MARION — Hundreds of chairs sit empty while neon lights wash over a stage early Sunday morning at Cornerstone Church in Marion. The usual chatter and embraces of the congregation that typically fills the building have fallen silent. Only the chatter of staff and the hum of computer equipment fill the worship hall.
Dustin Keele, creative arts pastor at Cornerstone Church, paces and then takes the stage alongside a handful of musicians to deliver his opening to Cornerstone’s weekly worship service. A countdown is broadcast on a nearby monitor, ticking away to zero as technical staff make last-minute adjustments to sound levels and video settings — he’s live.
Illinois Gov. J.B. Pritzker announced Friday that all events with 1,000 or more people are to be canceled and strongly suggested events with 250 or more people be suspended due to the COVID-19 pandemic. On Sunday afternoon, Pritzker directed all bars and restaurants in the state to close until March 30.
With widespread closures or cancellations of festivals, universities, K-12 schools and sporting events ranging from major-league sports to the Illinois High School Association, faith-based groups have found themselves attempting to adapt.
Michael Nave, lead pastor at Cornerstone Church, said he made the decision to cancel all of the church’s in-person worship services after consultation with local and state government officials on Friday.
“Beginning this weekend, we are stopping all of our on-site worship services and moving everything to an online presence,” Nave said in a video to parishioners on Facebook posted Friday evening. “This has been really hard but this is not a fluke going around — this is a big deal.”
“For us, as people of God, we have great faith that God is walking with us through this. We sometimes think we have it on lock, but the truth is all it takes is a little thing to knock things off balance," Keele said. “This is a chance for us to lean into our faith and trust that God is in control.”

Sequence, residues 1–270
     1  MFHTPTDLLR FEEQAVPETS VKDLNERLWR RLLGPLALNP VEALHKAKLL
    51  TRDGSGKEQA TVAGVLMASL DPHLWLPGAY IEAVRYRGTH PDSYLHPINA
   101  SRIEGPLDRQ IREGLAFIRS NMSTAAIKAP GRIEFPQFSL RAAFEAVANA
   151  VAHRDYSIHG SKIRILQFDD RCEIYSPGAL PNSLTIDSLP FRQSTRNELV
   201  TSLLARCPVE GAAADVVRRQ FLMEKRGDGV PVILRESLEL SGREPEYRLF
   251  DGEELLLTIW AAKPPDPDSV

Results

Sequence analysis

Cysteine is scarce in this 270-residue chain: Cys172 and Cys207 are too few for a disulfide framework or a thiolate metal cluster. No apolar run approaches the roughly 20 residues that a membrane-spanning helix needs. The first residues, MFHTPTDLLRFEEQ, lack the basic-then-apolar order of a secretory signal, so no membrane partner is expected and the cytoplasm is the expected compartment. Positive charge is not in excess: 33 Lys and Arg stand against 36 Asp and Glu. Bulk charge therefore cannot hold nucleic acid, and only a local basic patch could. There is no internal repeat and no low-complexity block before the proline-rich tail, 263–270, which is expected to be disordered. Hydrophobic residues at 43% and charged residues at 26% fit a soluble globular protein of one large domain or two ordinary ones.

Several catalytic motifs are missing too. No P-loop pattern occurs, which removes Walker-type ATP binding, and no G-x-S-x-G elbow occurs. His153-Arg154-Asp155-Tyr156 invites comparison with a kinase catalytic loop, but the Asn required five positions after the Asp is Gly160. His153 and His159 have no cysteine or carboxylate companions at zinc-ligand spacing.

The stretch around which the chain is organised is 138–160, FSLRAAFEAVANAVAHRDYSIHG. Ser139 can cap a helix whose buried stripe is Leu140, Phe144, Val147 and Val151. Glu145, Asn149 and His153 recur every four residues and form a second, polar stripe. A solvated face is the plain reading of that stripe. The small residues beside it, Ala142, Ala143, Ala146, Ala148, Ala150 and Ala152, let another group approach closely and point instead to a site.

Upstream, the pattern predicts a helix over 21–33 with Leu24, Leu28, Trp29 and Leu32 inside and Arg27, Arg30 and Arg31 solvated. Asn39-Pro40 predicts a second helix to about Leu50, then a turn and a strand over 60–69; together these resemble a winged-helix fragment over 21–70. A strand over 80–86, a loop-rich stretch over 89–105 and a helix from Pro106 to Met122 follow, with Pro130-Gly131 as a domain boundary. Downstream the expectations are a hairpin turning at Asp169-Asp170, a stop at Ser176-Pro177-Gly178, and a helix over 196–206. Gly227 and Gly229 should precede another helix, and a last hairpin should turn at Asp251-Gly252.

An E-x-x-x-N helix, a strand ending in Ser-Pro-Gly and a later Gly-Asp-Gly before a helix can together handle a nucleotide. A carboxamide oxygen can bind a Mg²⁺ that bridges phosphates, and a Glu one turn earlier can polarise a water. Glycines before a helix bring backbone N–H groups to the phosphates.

Keele said he encourages people not to panic and to act with wisdom and caution.
Nave said while some may believe this is the time to congregate and are opposed to government officials attempting to dictate whether parishioners can worship or not, he reassured his congregation that is not what is happening.
“We’re not being picked on for our religious faith,” Nave said. “We’re being protected by our government officials.”
Cornerstone Church, which sees hundreds attend on Sundays, is one of many churches across the United States taking their services to social media platforms such as Facebook Live.
Hopewell Missionary Baptist Church in Carbondale, which typically has a congregation upward of 150, will continue having in-person services while also offering online streaming to those who may feel nervous or ill during the COVID-19 outbreak.
“If you’re nervous or unsure, just stay home,” Christopher Swims, senior pastor at Hopewell Missionary Baptist Church, said. “If you miss a Sunday of service, you’re not going to hell. It doesn’t mean you don’t love God, you’re just taking precautions.”
Swims said while some parishes have canceled services altogether due to the virus, his church has taken extra precautions such as canceling all events, besides Sunday-morning worship, through the end of the March, disinfecting physical surfaces at the church and providing hand sanitizer throughout the building.
“In this national crisis we are in, if there is any place people should come and seek comfort and certainty in times of uncertainty, it should be the house of God,” Swims said.
While Cornerstone Church and Hopewell Missionary Baptist Church have taken to technology in adapting to the virus, other congregations have taken alternative measures on health and safety.
St. Francis Xavier Catholic Church in Carbondale has been directed to adapt their services to follow a set of guidelines given by the Diocese of Belleville, but not outright cancel services despite the Chicago Catholic Archdiocese doing so on Friday.